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When It Comes to Sustainability, Amazon Delivers… Greenhouse Gas Emissions

As a seller of plastic junk, packaged in more plastic junk, Amazon hardly qualifies for the “low-emission sector.”

Amazon founder and CEO Jeff Bezos speaks to the media on the company's sustainability efforts on September 19, 2019, in Washington, D.C.

Is sustainability finally cornering the stock market?

That’s one way to read a recent Bloomberg News report that investment funds with Environmental, Social and Governance (ESG) criteria — often marketed as “sustainable” investment funds — are outperforming the overall stock market.

On the one hand, investors are unmistakably losing patience with fossil fuels.

Coal production fell by 35 percent between 2008 and 2018, while coal’s share of electric power generation plummeted even more. Meanwhile, even as the fracking boom has turned the U.S. into the world’s largest oil and gas producer, it’s been fueled by ballooning debt — and its promises of profit haven’t materialized.

Consequently, coal, oil and gas stocks are dragging down the overall stock market relative to funds that avoid fossil fuel investments. Good news, right? Now for the bad news.

Two sectors that the best-performing ESG funds invest heavily in are financial services (such as Mastercard and Visa) and tech (such as Amazon and Google) — which, Bloomberg claims, “have historically been low-emission sectors.”

Unfortunately, it takes a singularly narrow view of what constitutes a “low-emission sector” to make this claim.

Take Amazon. With its vast supply chain and customers spanning much of the world, the company occupies a central place in a global economy that profits from unsustainable and ever-growing levels of extraction, production, consumption and waste.

In 2019, aside from the 12 percent of its revenue from selling cloud computing services, Amazon obtained 61 percent from sales to customers in the U.S. and Canada, and the bulk of the remaining 27 percent from customers in three other rich countries: Germany, the U.K. and Japan.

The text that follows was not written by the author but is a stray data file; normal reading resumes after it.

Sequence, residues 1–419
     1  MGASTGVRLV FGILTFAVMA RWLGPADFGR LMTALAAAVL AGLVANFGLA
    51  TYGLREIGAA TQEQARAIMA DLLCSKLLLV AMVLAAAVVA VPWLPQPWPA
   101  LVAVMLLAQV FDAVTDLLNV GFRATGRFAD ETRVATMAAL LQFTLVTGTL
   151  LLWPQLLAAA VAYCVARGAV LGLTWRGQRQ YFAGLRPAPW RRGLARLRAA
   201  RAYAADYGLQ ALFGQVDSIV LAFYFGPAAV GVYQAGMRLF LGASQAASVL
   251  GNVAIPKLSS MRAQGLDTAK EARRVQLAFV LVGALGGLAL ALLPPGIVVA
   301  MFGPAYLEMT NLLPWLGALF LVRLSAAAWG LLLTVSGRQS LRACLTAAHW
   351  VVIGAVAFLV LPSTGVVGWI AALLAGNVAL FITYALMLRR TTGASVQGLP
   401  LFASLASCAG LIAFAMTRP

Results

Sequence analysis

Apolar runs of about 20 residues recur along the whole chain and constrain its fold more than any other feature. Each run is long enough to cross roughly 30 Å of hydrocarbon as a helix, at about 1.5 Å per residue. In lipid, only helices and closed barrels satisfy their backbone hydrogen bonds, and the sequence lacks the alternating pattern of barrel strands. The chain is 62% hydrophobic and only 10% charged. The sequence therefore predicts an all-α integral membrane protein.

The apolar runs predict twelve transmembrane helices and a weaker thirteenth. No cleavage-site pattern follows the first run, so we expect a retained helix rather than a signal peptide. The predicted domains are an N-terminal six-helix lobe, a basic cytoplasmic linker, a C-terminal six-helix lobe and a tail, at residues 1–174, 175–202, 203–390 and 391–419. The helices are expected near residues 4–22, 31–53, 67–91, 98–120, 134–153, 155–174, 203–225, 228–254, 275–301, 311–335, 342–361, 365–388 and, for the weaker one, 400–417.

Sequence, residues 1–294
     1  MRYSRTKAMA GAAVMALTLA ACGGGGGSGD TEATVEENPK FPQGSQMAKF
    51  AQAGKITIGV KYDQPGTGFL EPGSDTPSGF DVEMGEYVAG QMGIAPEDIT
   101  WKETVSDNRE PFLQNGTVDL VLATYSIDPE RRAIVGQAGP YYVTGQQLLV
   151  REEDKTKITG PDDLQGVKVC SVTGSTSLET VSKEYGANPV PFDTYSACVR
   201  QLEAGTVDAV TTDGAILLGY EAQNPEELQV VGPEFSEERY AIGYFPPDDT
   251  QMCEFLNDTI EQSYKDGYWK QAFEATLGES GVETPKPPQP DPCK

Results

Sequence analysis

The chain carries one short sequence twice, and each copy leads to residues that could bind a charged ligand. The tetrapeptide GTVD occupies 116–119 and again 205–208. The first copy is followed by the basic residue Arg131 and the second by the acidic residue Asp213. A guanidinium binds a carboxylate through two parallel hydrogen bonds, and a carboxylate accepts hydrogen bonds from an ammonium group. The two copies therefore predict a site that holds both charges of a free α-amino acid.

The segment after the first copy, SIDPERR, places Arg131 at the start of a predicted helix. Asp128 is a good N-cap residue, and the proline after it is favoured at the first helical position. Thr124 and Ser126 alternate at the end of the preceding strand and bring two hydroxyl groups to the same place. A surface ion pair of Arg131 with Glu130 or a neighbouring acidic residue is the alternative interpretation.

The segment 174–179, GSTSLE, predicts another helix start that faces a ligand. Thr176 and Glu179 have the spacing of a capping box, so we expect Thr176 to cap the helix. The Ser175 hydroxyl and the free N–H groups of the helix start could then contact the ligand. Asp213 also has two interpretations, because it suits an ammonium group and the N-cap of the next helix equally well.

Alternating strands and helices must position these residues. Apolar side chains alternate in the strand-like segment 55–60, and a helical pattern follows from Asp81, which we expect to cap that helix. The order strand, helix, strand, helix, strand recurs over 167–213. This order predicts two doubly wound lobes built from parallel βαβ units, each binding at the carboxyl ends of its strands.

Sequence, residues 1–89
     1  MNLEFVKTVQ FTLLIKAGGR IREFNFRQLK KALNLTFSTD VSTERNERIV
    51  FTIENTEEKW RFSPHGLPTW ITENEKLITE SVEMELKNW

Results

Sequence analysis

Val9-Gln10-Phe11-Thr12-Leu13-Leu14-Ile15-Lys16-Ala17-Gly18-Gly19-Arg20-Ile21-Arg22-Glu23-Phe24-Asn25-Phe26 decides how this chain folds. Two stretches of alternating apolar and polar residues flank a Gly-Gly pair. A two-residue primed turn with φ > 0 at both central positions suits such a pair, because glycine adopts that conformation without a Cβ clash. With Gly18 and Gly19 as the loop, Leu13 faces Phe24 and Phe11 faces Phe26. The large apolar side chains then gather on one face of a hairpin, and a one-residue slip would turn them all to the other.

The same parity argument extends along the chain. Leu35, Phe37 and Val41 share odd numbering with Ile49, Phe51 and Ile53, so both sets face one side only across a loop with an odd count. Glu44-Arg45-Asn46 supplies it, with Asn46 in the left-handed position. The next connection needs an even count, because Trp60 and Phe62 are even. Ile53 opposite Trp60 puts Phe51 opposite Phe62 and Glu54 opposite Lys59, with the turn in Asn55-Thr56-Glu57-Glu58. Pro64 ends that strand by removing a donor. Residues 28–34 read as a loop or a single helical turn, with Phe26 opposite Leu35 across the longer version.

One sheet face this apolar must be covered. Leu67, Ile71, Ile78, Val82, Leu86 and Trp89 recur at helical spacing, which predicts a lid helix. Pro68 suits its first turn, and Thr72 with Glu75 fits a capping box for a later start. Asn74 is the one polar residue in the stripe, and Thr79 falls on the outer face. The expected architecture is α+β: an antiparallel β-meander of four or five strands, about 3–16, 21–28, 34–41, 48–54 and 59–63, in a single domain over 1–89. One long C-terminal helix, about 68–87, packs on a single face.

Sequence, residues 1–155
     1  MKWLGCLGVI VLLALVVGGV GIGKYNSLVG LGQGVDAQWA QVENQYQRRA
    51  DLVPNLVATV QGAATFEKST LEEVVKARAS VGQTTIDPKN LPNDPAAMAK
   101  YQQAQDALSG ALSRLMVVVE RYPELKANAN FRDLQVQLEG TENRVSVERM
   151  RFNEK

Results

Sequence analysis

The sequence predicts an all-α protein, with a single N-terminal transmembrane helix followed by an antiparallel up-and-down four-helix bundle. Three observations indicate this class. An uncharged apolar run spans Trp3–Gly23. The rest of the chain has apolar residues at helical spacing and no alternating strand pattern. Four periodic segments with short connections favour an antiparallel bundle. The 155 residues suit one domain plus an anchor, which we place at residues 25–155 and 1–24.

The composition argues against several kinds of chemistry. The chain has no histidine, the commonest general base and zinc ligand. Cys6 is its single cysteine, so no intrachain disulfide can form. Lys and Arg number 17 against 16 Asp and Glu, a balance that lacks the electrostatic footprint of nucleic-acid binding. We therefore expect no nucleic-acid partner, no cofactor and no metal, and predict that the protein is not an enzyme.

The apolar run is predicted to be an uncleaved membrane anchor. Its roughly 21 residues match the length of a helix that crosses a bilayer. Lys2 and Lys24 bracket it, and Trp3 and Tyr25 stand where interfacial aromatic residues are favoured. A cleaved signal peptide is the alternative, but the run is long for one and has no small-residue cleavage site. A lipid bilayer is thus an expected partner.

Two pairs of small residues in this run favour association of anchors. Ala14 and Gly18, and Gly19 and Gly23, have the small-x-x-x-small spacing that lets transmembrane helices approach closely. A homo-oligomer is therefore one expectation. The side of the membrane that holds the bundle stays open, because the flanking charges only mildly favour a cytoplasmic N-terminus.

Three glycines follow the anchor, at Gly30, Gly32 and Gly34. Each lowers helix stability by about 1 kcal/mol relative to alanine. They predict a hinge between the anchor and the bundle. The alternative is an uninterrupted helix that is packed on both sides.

The U.S. has the fourth-highest per capita final consumption in the world and the highest greenhouse gas emissions attributable to imports. As a retailer incentivizing this consumption (especially through membership programs such as Amazon Prime), Amazon should be considered responsible for the resulting greenhouse gas emissions.

Moreover, shipping all those products requires a massive amount of packaging, which Amazon has made worse by switching to single-use plastic that can’t be recycled to package many of its shipments — exactly the wrong move in a world that’s awash with plastic waste.

Where does all this plastic come from? It’s fossil fuels, of course. Plastics are a major contributor to greenhouse gas emissions in every stage of their production, use and disposal. As a website that sells a lot of plastic junk, packaged in more plastic junk, Amazon is directly implicated in this damage.

Finally, the cloud computing services division of Amazon is also responsible for climate and environmental destruction — and not just because the company refuses to run its cloud entirely on sustainable energy. Even worse, it sells its cloud services to oil and gas companies, the company says, to “optimize production and profitability.”

Translation: Amazon profits from helping oil and gas companies destroy the planet at lower cost.

While the company happily pollutes in the service of profit, it doesn’t like to be reminded of this fact. It has been in the news lately for bullying and trying to silence employees who have spoken out about the company’s environmental misdeeds.